Play depicts full story of fraud in environmental case vs. Chevron
Phelim McAleer, the Irish documentary filmmaker who challenged Al Gore’s “Truth” on climate change, has embarked on a theatrical work that has all the trappings of grand drama. Corruption. Celebrity. And fraud. Lots of fraud.
Mr. McAleer’s new play, “The $18 Billion Prize: The Dark Side of the Environmental Movement,” chronicles the 1993 class-action lawsuit against Chevron Corp. that accused the oil giant of vast pollution of land and waterways in rural Ecuador. After eight years of legal wrangling — first in a New York state court and then a federal court — Chevron lost and was ordered to pay $18 billion to the complainants.
But that was just the beginning.
Mr. McAleer, the playwright, relies on court transcripts and related documents, such as diaries
kept by attorneys, to tell the full story. Roughly 80 percent of the dialogue in “The $18 Billion Prize” is lifted directly from those records and journals.
“Real life is much more compelling than fiction,” the right-leaning provocateur told The Washington Times. “The audience pays a lot more attention when they realize it’s verbatim, when you realize it’s the real person’s real world.”
He applied the tenets of verbatim theater in his 2015 play, “Ferguson,” in which actors recited grand jury testimony in the investigation of a white police officer’s fatal shooting of an unarmed black teenager in a St. Louis suburb in 2014. Part of the cast quit the show just before its debut in New York City after learning of the playwright’s political leanings. They feared the show wasn’t truthful to the events in question.
Mr. McAleer, who has been hailed as conservatives’ answer to Michael Moore, brushes off the complaints and criticism.
“There doesn’t have to be anything to complain about. … They just shout, ‘Racist!’” he said.
In his work as a playwright and as a documentarian, the contrarian storyteller exudes a kind of comfort in controversy, whether he courts it or whether it just follows him.
Such was the case with his 2009 documentary, “Not Evil Just Wrong,” which he produced and directed with his wife and longtime collaborator, Ann McElhinney. In it, the doubtful duo picked apart the themes of the former vice president’s Oscar-winning 2006 documentary, “An Inconvenient Truth,” noting that evidence of global warming is inconclusive and arguing that many environmental laws have proved harmful to humans.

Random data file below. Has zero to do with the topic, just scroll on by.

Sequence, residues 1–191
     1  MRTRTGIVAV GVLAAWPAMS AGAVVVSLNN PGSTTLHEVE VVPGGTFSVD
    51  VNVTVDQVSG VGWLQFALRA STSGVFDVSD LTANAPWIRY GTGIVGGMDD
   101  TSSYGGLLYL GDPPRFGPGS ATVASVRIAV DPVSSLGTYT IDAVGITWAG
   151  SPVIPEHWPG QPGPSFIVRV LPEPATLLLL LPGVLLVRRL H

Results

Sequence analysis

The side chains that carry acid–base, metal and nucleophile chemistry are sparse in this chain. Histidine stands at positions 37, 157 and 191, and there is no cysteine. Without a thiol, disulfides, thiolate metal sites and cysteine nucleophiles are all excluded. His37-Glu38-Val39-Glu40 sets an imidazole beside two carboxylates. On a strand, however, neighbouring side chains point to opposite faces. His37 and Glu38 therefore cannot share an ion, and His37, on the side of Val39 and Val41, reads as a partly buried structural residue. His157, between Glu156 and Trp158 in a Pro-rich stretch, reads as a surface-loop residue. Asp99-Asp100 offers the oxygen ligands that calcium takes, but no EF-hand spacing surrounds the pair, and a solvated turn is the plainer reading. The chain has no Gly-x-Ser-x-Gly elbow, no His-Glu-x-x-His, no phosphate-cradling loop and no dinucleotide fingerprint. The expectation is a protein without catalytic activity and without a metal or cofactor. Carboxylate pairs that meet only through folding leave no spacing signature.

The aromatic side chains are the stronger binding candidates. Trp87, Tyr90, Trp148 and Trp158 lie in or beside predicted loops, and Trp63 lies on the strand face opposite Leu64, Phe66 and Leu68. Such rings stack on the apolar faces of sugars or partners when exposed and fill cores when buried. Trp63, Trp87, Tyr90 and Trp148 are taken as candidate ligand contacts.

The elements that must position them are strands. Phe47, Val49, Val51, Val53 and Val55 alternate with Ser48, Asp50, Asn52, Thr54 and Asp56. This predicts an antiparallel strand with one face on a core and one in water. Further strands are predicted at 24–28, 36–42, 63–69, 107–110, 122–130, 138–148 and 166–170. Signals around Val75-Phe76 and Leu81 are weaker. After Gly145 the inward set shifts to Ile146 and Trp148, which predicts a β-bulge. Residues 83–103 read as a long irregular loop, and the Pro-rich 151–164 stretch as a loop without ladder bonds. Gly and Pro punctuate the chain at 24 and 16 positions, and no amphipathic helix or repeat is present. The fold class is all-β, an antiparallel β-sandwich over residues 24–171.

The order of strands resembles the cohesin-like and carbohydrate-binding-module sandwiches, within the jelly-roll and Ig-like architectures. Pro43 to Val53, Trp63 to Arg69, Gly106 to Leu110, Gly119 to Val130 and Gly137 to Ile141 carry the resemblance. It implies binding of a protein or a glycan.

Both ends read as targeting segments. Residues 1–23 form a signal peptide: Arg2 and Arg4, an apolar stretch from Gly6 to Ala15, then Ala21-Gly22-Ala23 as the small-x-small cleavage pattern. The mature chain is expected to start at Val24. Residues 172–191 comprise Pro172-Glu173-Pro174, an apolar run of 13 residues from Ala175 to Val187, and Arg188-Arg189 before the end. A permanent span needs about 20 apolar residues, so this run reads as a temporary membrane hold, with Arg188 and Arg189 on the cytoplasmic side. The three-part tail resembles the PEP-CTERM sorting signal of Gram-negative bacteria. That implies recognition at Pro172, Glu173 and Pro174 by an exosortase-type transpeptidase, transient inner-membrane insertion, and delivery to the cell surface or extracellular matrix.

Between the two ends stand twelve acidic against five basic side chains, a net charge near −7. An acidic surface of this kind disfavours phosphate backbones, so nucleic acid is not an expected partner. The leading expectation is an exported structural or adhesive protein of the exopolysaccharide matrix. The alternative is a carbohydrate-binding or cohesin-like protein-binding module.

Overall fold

Liberal scolds such as Mother Jones magazine assailed the McElhinney-McAleer film, but conservatives rallied around it. Competitive Enterprise Institute President Fred Smith declared, “We may at last be getting our Michael Moore.”
The pair also did battle with Josh Fox, director of “Gasland,” a 2010 documentary that savaged the fracking industry. Ms. McElhinney and Mr. McAleer responded with “Frack Nation,” a 2013 documentary challenging Mr. Fox’s arguments and extolling the virtues of the energy process. It enraged liberals and environmentalists. ThinkProgress.org said Mr. McAleer used the “Tobacco Playbook” to attack Mr. Fox when his “Gasland Part II” hit theaters in 2014.
Though fond of documentaries, Mr. McAleer said the play format allows him to tell a story without the costs of a feature film. The medium also brings with it a sense of storytelling gravitas.
“People respect plays. It’s a more interesting art form, and they’re an excellent way to tell the truth,” he said.
“The $18 Billion Prize” focuses intently on what happened after Chevron lost the pollution lawsuit in 2001 and refused to pay.
New York lawyer Steven Donziger filed the lawsuit on behalf of Ecuadoreans impacted by environmental degradation, claiming Chevron was responsible in its partnership with a state-owned oil company (now named Petroecuador).
In the wake of his victory over the oil giant, Mr. Donziger appeared in the 2009 documentary “Crude,” which celebrated the verdict while providing details about various aspects of the case.
Team Chevron spotted a revealing scene omitted from the theatrical version of “Crude” but released online. It showed Mr. Donziger collaborating with allegedly neutral experts in the case. Chevron successfully demanded to see more footage compiled by the movie’s director, Joe Berlinger.
Soon, a large, sticky web of deceit emerged, including bribery and money laundering.
In 2014, a federal court in New York found that Mr. Donziger committed witness tampering, money laundering, extortion and wire fraud while attempting to win his case. His attempt to revive the legal fight failed at the Supreme Court last year.
“He was brought down by his own hubris,” Mr. McAleer said of Mr. Donziger.
Meanwhile, the diaries cited in this “Prize” offer some juicy tidbits theatergoers will have to see for themselves. The case attracted several high-profile celebrities, including Danny Glover, Mia Farrow and Sting and his wife, Trudie Styler. The pop star and his wife appeared in “Crude.”
“Let’s just say Sting and his wife will not be happy with this play,” said Mr. McAleer, suggesting that the production will include some sexual revelations from the diaries.
“The $18 Billion Prize” is set to debut Saturday at San Francisco’s Phoenix Theater and run through June 3.
PLAYWRIGHT: Phelim McAleer used diaries and documents to tell “The $18 Billion Prize.”
New York lawyer Steven Donziger filed a lawsuit on behalf of Ecuadoreans impacted by environmental degradation, claiming Chevron was responsible in its partnership with a state-owned oil company.